Mobile robotics in material handling and logistics will become a $75 billion market by 2027. It will then more than double by 2038. These staggering headline figures mask turbulent transformative change underneath: some technologies will rise and transform the fortunes of industries, fuelling growth rates far outpacing recent trends, whilst others will face with decay and obsolescence. We are at the beginning of the beginning of a transformative change, and the time for mobile robots to plan is now.
So claims the IDTechEx Research report Mobile Robots & Drones in Material Handling & Logistics 2017-2037. It considers automated guided vehicles and carts (AGVs and AGCs); autonomous mobile vehicles and carts/units; mobile picking robots; last mile delivery ground robots (droids) and drones; and autonomous trucks and light delivery vans (level 4 and level 5 automation).
AGVs are a mature technology that can safely transport payloads ranging from several kilograms to many tonnes, essentially acting as semi-rigid distributor conveyer belts covering large areas. Their navigation technology is evolving. Today multiple options are available ranging from the low-cost wire or magnetic tape guidance to the increasingly popular laser guidance. All however requires follow rigid guide points, thus requiring some degree of infrastructure modification and extended onsite installation. This industry is showing healthy, albeit small, grow rates.
This gives an illusion of security to this mature high-fragmented business where price competition is rise. The next generation navigation technology- infrastructure-independent flexible autonomy- has the potential to shatter this illusion. This new technology, whilst appearing just as the next natural step in navigation technology evolution, requires a wholescale change in the software side of the robots, giving an opportunity to new challengers to enter and to fully redraw the competitive landscape.
Forklifts will never be the same?
Navigational autonomy will induce a colossal transfer of value from wage bills paid for human-provided driving services towards spend on autonomous industrial vehicles. This change will not happen overnight, although much earlier than mobile autonomy in general driving, since the structured and controlled environment of indoor industrial facilities lends itself better to automation.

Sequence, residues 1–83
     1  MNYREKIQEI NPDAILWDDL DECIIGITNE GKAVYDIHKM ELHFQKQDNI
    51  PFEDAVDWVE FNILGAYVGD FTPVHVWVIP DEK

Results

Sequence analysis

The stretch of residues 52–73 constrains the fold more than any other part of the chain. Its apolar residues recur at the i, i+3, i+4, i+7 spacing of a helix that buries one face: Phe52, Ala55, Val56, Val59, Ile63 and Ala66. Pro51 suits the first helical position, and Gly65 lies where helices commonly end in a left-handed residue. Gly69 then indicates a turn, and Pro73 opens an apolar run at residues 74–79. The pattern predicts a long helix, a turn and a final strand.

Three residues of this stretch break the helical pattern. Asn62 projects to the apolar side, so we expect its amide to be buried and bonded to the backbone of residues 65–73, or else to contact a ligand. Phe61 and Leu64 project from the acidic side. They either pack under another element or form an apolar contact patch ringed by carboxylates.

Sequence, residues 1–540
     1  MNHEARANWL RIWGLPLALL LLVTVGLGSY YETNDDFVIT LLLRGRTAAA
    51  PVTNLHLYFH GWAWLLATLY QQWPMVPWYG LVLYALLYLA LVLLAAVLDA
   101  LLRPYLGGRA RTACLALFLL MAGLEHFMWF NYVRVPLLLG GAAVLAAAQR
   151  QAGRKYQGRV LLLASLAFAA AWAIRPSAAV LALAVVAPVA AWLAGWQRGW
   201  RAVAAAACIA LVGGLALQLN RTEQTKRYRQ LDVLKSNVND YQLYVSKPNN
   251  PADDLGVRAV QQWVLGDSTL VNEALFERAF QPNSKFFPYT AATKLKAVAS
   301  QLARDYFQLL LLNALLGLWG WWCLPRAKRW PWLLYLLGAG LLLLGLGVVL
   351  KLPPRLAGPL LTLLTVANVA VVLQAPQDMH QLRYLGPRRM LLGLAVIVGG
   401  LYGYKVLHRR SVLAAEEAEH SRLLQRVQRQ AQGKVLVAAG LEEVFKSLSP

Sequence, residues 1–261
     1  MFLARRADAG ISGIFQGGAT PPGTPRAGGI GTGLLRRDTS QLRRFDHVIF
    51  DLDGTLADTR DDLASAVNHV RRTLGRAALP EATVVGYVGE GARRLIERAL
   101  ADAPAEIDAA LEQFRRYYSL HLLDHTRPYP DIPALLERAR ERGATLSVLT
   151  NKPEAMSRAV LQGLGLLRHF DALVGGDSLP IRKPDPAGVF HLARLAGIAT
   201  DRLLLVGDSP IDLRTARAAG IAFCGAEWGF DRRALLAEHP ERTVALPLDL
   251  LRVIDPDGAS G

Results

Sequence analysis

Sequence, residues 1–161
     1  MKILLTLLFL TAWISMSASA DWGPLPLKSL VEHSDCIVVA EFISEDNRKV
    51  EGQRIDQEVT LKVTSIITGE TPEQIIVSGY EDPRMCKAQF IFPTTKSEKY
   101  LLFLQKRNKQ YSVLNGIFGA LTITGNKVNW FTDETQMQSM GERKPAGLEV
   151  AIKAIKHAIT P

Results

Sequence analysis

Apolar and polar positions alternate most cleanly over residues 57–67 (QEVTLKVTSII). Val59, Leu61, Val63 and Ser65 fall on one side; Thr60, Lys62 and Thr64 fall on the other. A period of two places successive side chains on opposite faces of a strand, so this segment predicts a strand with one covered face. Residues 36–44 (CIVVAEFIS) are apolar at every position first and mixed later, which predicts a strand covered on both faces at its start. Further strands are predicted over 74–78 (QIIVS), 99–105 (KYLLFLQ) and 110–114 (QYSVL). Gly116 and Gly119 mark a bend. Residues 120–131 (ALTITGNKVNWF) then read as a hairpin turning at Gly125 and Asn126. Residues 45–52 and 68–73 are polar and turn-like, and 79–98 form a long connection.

The model suggests that autonomous forklifts, for example, will remain a tiny share of the global addressable market until around 2023, but will soon after enter the rapid growth phase, causing a transformation of the industry and dramatically raising adoption levels to as high as 70% by 2038.
Last mile delivery
Last mile delivery remains an expensive affair in the parcel delivery business, often representing more than half of the total cost. Its importance is also growing thanks to a change in the composition of total deliveries with B2C deliveries rapidly taking on a bigger share. E-commerce companies are also pushing next-day and now same-day services hoping to take away that last stronghold of bricks-and-mortar shops: instant customer fulfilment.
Autonomous mobile delivery robots are currently small slow-moving units that will need to return to base to charge. They often need close supervision and can only operate in sparsely-populated and highly-structured environments such as university campuses or special neighbourhood. They therefore are unproductive and easy to dismiss as gimmicks.
This is however only the beginning of the beginning. The cost projections in the report suggest that these mobile robots can indeed become low-cost. The robots are now in the trial and learning phase, gathering more data and optimising the navigational algorithms. They will become increasingly more adept at path planning, even when GPS signals fail, and at object avoidance. The increased autonomous mobility capability will in turn enable a lower operator-to-fleet-size ratio, furthering boosting overall fleet productivity.
Drone delivery faces critical challenges. Individual drones offer limited productivity compared to traditional means of delivery. They can only carry small payloads and battery technology limits their flight duration, constraining them to around 30min radius of their base whilst further lowering their productivity due to the downtime needed for re-charging/re-loading. Safety is a potential showstopper with many accidents waiting to happen.
However, the technology has long-term future, particularly within the context of the bigger trend to automate as much as of the logistic chain as possible.
Mobile Robots & Drones in Material Handling & Logistics 2017-2037